Jonah called, had to cancel last-minute, but was very apologetic and offered to pay for his ticket. I asked if anyone wanted to come with me, and explanation of what happened of course prompted opening up the etiquette question to those at the table who hadn't already heard the story. Nicole's conclusion is that Eric "has no manners" -- though that's "not a dealbreaker." I have a little bit of a cognitive dissonance that the same women who were much more upset about the etiquette-less cancelation than I was have also still not given up on the idea of an "us." (I mean, I know that they all obviously know he's a good guy, so the judging dynamic is somewhat different than it would be in other contexts, but still.)
Cailin was going suit-shopping, so I decided it would be a good time for me to head home. I got home c. 4:30 and took a quick shower.
trijinx was happy to come to Little Shop with me, though I foolishly hadn't realized the Sunday show started at 7pm (as opposed to Friday's 8pm show). We got let in anyway, which I appreciated.
I hadn't noticed the "laissez faire" line before. ("True the gun was never fired, but the way events transpired, I can finish him with simple laissez faire.") I expect it was mostly used for the easy rhyme, but given that I was more conscious this weekend than I have been in previous productions about what a social commentary the play is, I wonder about it as a commentary on free market capitalism.
In "Finale (Don't Feed the Plants)" they sing:Subsequent to the events you have just witnessed,The idea of the people being "jerks" bothers me because a large part of the point is that Seymour is a good guy who gets sucked into doing these "bloody awful evil deeds" -- that it could happen to anyone, that that's why we need to be so on guard. "They say the meek shall inherit. You know the Book doesn't lie. [...] They say the meek are gonna get it, and you're a meek little guy. You know the meek are gonna get what's comin' to 'em by and by."
unsuspecting jerks from Maine to California
made the acquaintance of a new breed of flytrap
and got sweet-talked into feeding it blood.
Thus the plants worked their terrible will,
finding jerks who would feed them their fill.
Afterward, trijinx asked for a refresher as to how Seymour gets the plant in the first place, and it occurred to me that if they could drop one plant during an eclipse, why not lots of them? I guess this is part of that handwavy, along with: Does Seymour not think the plant will hear him when he tells Audrey about his plan to kill it?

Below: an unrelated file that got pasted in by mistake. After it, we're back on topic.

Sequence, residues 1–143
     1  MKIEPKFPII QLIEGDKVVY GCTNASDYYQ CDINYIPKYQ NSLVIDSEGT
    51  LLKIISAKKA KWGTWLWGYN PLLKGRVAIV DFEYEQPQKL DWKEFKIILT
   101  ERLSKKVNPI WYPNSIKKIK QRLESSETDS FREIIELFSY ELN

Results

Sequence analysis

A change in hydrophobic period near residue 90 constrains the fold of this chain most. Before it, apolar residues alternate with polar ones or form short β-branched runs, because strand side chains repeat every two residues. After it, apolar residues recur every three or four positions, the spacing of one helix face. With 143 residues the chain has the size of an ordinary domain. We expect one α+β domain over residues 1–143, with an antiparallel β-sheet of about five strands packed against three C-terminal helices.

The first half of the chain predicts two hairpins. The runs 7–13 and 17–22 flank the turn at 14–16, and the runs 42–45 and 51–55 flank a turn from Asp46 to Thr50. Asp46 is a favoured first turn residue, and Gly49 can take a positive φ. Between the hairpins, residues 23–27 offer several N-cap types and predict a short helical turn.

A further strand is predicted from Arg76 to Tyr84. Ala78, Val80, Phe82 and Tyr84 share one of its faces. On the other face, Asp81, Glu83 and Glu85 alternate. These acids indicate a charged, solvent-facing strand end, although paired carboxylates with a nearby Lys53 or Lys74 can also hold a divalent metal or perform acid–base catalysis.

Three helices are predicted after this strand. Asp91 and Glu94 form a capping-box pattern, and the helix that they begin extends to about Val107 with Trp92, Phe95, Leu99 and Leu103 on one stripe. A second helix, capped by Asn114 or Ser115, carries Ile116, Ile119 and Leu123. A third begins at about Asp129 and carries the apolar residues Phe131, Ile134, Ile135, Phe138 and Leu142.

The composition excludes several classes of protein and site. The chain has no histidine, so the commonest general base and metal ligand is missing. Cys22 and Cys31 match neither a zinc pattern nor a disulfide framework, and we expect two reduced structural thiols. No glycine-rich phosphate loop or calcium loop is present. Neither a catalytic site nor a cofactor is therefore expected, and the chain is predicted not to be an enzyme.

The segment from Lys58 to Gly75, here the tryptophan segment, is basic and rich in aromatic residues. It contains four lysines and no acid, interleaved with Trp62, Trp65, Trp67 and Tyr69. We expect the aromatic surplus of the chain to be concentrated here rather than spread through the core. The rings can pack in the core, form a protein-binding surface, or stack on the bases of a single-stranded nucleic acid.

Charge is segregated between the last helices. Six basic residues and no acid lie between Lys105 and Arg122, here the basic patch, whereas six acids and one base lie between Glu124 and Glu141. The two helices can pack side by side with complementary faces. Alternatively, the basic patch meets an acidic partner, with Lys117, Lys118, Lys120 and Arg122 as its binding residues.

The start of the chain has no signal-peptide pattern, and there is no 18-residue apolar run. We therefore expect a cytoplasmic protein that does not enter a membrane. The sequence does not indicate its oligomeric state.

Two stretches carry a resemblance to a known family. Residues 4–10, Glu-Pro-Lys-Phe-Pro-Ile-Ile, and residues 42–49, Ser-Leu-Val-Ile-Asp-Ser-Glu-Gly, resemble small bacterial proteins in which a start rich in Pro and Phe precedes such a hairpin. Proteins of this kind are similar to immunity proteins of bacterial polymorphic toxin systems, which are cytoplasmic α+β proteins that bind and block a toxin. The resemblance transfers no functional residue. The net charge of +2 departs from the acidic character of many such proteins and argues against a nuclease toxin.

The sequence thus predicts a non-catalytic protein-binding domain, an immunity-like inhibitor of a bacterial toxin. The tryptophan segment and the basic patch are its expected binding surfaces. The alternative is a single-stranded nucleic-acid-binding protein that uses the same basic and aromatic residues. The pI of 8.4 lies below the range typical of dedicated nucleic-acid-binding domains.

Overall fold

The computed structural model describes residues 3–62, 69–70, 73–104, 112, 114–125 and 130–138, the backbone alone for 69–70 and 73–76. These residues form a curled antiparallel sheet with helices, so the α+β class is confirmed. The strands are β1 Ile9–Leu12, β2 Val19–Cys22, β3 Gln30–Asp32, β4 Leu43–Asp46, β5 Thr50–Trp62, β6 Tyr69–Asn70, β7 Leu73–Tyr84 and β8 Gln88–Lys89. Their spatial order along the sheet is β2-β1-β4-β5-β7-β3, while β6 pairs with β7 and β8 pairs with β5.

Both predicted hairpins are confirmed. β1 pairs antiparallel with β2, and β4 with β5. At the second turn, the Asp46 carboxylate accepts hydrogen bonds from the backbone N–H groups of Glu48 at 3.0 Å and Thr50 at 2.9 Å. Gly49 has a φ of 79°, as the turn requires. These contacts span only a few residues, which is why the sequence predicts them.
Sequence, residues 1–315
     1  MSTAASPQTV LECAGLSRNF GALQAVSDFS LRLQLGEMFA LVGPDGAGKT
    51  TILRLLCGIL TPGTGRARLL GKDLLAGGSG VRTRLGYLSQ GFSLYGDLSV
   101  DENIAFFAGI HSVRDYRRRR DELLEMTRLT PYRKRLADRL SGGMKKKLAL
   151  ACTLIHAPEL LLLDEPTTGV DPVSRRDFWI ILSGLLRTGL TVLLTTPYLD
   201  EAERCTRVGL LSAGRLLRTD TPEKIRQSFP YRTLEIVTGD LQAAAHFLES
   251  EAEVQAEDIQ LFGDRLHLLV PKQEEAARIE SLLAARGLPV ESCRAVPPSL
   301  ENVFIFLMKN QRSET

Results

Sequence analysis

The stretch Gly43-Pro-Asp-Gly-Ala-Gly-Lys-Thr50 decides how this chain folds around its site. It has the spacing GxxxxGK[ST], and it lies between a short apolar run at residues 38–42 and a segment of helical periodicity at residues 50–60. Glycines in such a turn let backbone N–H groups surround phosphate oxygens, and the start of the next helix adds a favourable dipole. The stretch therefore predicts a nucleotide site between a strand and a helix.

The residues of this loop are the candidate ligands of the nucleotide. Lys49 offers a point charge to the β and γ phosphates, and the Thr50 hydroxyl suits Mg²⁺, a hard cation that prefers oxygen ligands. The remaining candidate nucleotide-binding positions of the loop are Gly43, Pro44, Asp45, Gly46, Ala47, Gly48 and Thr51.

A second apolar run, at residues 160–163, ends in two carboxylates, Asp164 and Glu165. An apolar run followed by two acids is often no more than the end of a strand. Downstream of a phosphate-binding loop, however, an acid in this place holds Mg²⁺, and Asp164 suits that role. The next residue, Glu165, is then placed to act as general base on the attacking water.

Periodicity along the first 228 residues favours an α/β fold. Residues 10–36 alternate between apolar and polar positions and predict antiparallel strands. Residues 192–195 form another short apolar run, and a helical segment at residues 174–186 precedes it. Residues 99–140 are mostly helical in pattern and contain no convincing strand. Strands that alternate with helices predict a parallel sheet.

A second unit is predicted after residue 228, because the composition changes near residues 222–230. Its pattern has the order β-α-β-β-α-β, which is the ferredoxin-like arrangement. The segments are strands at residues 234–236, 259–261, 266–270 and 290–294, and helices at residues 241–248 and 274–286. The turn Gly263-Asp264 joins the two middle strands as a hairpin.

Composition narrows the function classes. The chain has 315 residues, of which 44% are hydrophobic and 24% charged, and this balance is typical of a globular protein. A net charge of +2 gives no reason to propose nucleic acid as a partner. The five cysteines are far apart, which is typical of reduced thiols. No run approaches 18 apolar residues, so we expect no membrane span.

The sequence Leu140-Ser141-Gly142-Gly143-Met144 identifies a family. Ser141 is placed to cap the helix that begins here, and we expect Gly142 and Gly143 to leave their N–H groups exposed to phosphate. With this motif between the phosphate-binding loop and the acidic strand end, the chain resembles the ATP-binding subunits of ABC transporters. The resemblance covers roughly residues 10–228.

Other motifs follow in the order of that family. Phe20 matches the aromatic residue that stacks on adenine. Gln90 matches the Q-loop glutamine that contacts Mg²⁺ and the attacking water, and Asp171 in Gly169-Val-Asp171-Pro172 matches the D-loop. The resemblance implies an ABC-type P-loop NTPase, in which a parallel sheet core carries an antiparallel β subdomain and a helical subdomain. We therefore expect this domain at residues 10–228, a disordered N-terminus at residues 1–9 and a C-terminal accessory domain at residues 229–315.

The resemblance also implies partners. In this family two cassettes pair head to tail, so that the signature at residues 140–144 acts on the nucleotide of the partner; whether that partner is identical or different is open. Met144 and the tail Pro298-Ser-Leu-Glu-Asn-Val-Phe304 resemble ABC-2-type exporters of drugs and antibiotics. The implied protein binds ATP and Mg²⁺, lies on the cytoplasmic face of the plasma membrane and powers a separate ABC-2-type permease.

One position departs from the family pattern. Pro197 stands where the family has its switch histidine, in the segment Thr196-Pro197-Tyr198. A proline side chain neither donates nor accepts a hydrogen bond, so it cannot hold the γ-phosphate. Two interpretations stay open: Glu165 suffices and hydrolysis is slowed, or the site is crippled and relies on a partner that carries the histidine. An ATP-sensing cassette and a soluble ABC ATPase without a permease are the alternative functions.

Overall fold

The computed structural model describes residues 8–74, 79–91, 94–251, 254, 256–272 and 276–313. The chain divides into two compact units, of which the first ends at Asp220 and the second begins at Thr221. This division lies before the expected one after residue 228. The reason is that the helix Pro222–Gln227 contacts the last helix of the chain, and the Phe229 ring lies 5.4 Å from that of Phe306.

I imagine someone has written a feminist perspective paper on Audrey culminating in the height of self-objectification asking to be put into/become the plant (though part of me is really sympathetic, since -- among other reasons -- she's gonna die anyway and I'm so practical).
They have a girl playing the trashcan (when Mushnik pulls out the dentist's uniform) which made me a little uncomfortable -- though obviously it makes sense when you want to leave the stage as clear as possible.
I hadn't noticed the girl who rang the shop bell so much the first time, but I really loved her. One time she was practically hanging upside down. She wasn't intrusive at all in her presence, but if you were paying attention she was very enjoyable to watch.
Ah, musical conventions.
When the three stoop girls suddenly started choreographed dancing during Orin's "Son Be a Dentist" song I was reminded of the picnickers in "Under Your Spell" or "She needs backup. Anya, Tara."
And during "Mushnik and Son" I was reminded of Buffy not hearing Giles during "Standing in the Way."
Apparently it's usual to have the same person playing "Orin, Bernstein, Snip, Luce and everyone else"
Since "the night [was] still young," we walked back to Park St. and then had food+booze at Mike's in Davis Square.
I ended up on AIM for an hour and a half with Joe that night. I really like catching up with people, though I feel like I've gotten so bad at conversation recently (something I suspect is tied to the easy conversation I have with Mary Alice and Eric every day -- that I get used to that environment and have gotten out of practice with like all other conversational environments).
Though apparently I'm gonna be omgsocial this week. Have I mentioned recently how much I love living in the city?
(I'm not sure what happened this weekend, but our refrigerator is back to being v. empty. We do now have pretty light switch covers, though.)
I expect work tomorrow to be even more slow than last week, with Prof.B. out of the country, so Monday night tv writeups will be set aside for then (allowing me to sleep now -- assuming of course I haven't completely thrown off my sleep schedule).